Active Duty Military: FREE All Access Digital subscription. Includes full access on our Apple iOS app and wau.org.
[One] way to pray about sin is by using the psalms. The Book of Psalms is a collection of prayers from ancient Israel that were used primarily in the Temple liturgy.
There are many different types of psalms—psalms of praise, thanksgiving, wisdom, laments, and historical overviews—that were composed to deal with the many different needs in prayer. The Church has designated certain psalms—6, 32, 38, 51, 102, 130, and 143—as “penitential,” that is, appropriate for prayer during a time of personal or communal repentance. These psalms take the form of laments because their subject is lamenting over sin and the problems that arise for the sinner.
One suggestion is that we pray these psalms as a preparation for Confession or as a penance, entering into the various attitudes and strong feelings expressed by the psalmists.
Psalm 6 was used in the Jewish daily liturgy as a prayer of penitence and is used in the Church’s liturgy today. The lament of the individual in time of sickness is appropriate to the First Week of the Spiritual Exercises, since St. Ignatius suggests that we see ourselves as sick persons roaming the world.
1LORD, rebuke me not in thy anger,
nor chasten me in thy wrath.
2Be gracious to me, O LORD, for I am languishing;
O LORD, heal me, for my bones are troubled.
Verses 1-2 consist of both negative and positive petitions. First, the psalmist asks the Lord not to rebuke or chasten him, since a person cannot hold up under the power of God’s wrath. Then he asks for grace and healing because he is “languishing,” which translates a Hebrew word meaning to “droop” or “hang down” one’s head. The word “troubled” is a strong term ranging from “disturbed” to “terrified” and appears in the next verse:
3My soul also is sorely troubled.
But thou, O LORD—how long?
The description of both bones and soul being terrified indicates that this feeling comes from deep inside the person. When we pray these verses, we can reflect on those fears that come from deep inside us and then turn to God and ask, “How long?”
4Turn, O LORD, save my life;
deliver me for the sake of thy steadfast love.
The psalmist does not dwell overly long on the question “How long?” because he is more interested in petitioning the Lord to save his life and deliver him “for the sake of thy steadfast love.” Hesed is the word translated as “steadfast love.” The word describes the covenant relationship and refers to the kind of love that exists when someone has made a covenant commitment, as distinct from ahabah, the more common word for “love.”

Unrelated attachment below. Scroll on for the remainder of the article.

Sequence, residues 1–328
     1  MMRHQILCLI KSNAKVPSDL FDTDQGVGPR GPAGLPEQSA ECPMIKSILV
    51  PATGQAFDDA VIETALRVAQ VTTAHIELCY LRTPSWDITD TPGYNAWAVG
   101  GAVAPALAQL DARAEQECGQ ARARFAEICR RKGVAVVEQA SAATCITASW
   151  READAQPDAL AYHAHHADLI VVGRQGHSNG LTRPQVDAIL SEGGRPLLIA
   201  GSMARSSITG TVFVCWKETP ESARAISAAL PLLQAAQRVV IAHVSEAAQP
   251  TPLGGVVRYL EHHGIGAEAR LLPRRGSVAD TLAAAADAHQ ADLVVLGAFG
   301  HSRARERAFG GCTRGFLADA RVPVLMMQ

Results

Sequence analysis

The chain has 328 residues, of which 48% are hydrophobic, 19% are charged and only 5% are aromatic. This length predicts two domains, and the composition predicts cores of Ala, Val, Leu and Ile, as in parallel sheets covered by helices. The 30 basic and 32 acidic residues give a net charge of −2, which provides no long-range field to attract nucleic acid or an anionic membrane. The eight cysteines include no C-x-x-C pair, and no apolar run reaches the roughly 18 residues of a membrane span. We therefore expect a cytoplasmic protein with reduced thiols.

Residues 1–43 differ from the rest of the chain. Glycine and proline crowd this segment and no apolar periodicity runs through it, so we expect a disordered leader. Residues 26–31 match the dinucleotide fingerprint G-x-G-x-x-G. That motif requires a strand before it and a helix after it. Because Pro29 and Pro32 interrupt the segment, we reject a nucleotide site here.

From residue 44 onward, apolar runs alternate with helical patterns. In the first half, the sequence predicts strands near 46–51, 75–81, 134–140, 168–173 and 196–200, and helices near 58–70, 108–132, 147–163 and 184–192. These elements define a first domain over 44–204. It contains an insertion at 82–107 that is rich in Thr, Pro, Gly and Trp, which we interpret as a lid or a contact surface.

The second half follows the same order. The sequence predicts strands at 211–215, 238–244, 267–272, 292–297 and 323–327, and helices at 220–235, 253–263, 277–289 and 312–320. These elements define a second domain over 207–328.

5For in death there is no remembrance of thee;
in Sheol who can give thee praise?
In verse 5 the psalmist appeals to God’s interests: if the psalmist dies, he will go to Sheol, the place of the dead, where no one can praise God. A Christian has the hope of eternal life in heaven where the soul praises God for all eternity. However, the sinner who prays this psalm may also have a legitimate fear of hell, where no praise will be possible. With that prospect in mind, the Christian can correctly pray to remain in this life to repent of past and current sin, make reparation for it, and seek to live out the holiness that shapes us into the image and likeness of God.
6I am weary with my moaning;
every night I flood my bed with tears;
I drench my couch with my weeping.
7My eye wastes away because of grief,
it grows weak because of all my foes.
Verses 6-7 return to a description of the psalmist’s pain, which is less an attempt to tell God what he already knows than a way to sink into the sorrow so that the psalmist recognizes his own pain. Some speak of the necessity of “hitting bottom”—when life becomes so miserable and the pain is so great that a person is willing to seek a change.
8Depart from me, all you workers of evil;
for the Lord has heard the sound of my weeping.
9The LORD has heard my supplication;
the LORD accepts my prayer.
10All my enemies shall be ashamed and sorely troubled;
they shall turn back, and be put to shame in a moment.
The psalmist concludes with a prayer of confidence that the Lord has already heard his prayer. Such confidence characterizes faith: even when our “enemies” may still be present—which for the Christian could be sin, Satan, or illness—the person of faith begins to believe that the Lord will give him the victory. These enemies will be “sorely troubled,” the same words that described the feeling in his own bones and soul in verses 2-3.
Excerpted from Winning the Battle Against Sin by Fr. Mitch Pacwa, SJ (The Word Among Us Press, 2013). Available at wau.org/books